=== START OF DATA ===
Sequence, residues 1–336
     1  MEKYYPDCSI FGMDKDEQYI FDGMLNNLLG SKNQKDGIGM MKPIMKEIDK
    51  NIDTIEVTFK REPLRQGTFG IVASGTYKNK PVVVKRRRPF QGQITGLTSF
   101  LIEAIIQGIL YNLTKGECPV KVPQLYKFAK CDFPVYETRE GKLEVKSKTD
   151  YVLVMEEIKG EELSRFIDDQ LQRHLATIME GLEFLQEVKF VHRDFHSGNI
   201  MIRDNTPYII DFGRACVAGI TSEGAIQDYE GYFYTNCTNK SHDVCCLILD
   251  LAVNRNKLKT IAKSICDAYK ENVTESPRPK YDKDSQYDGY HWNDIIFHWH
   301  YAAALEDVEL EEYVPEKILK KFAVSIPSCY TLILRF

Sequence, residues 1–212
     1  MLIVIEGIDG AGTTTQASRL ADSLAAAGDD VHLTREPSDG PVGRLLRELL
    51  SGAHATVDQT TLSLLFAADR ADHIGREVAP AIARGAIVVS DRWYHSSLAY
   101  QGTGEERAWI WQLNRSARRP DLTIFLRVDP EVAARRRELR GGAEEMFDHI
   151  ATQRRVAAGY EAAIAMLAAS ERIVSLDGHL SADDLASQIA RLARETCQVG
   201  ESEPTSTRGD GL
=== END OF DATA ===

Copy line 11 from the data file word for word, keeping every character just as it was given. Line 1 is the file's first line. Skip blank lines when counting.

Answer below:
    51  SGAHATVDQT TLSLLFAADR ADHIGREVAP AIARGAIVVS DRWYHSSLAY